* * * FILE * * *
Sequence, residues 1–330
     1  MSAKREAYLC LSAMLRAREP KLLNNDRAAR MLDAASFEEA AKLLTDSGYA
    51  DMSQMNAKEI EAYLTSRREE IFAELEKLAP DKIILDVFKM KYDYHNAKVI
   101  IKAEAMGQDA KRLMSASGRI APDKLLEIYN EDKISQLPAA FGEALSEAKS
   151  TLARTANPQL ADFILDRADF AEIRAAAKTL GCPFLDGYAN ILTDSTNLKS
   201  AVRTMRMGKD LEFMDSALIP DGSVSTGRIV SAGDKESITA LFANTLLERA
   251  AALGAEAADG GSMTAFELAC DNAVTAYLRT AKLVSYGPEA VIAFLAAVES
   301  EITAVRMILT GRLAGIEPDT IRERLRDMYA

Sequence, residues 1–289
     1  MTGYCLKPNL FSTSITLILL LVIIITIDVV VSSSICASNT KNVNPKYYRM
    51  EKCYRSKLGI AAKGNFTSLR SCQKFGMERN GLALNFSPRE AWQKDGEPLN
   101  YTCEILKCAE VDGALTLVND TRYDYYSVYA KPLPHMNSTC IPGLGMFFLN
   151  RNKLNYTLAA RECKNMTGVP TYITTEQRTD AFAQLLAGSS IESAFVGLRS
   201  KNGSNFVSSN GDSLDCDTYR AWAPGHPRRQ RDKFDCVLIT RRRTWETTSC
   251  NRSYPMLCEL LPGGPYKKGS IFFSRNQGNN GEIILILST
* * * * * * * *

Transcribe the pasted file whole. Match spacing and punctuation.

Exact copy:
Sequence, residues 1–330
     1  MSAKREAYLC LSAMLRAREP KLLNNDRAAR MLDAASFEEA AKLLTDSGYA
    51  DMSQMNAKEI EAYLTSRREE IFAELEKLAP DKIILDVFKM KYDYHNAKVI
   101  IKAEAMGQDA KRLMSASGRI APDKLLEIYN EDKISQLPAA FGEALSEAKS
   151  TLARTANPQL ADFILDRADF AEIRAAAKTL GCPFLDGYAN ILTDSTNLKS
   201  AVRTMRMGKD LEFMDSALIP DGSVSTGRIV SAGDKESITA LFANTLLERA
   251  AALGAEAADG GSMTAFELAC DNAVTAYLRT AKLVSYGPEA VIAFLAAVES
   301  EITAVRMILT GRLAGIEPDT IRERLRDMYA

Sequence, residues 1–289
     1  MTGYCLKPNL FSTSITLILL LVIIITIDVV VSSSICASNT KNVNPKYYRM
    51  EKCYRSKLGI AAKGNFTSLR SCQKFGMERN GLALNFSPRE AWQKDGEPLN
   101  YTCEILKCAE VDGALTLVND TRYDYYSVYA KPLPHMNSTC IPGLGMFFLN
   151  RNKLNYTLAA RECKNMTGVP TYITTEQRTD AFAQLLAGSS IESAFVGLRS
   201  KNGSNFVSSN GDSLDCDTYR AWAPGHPRRQ RDKFDCVLIT RRRTWETTSC
   251  NRSYPMLCEL LPGGPYKKGS IFFSRNQGNN GEIILILST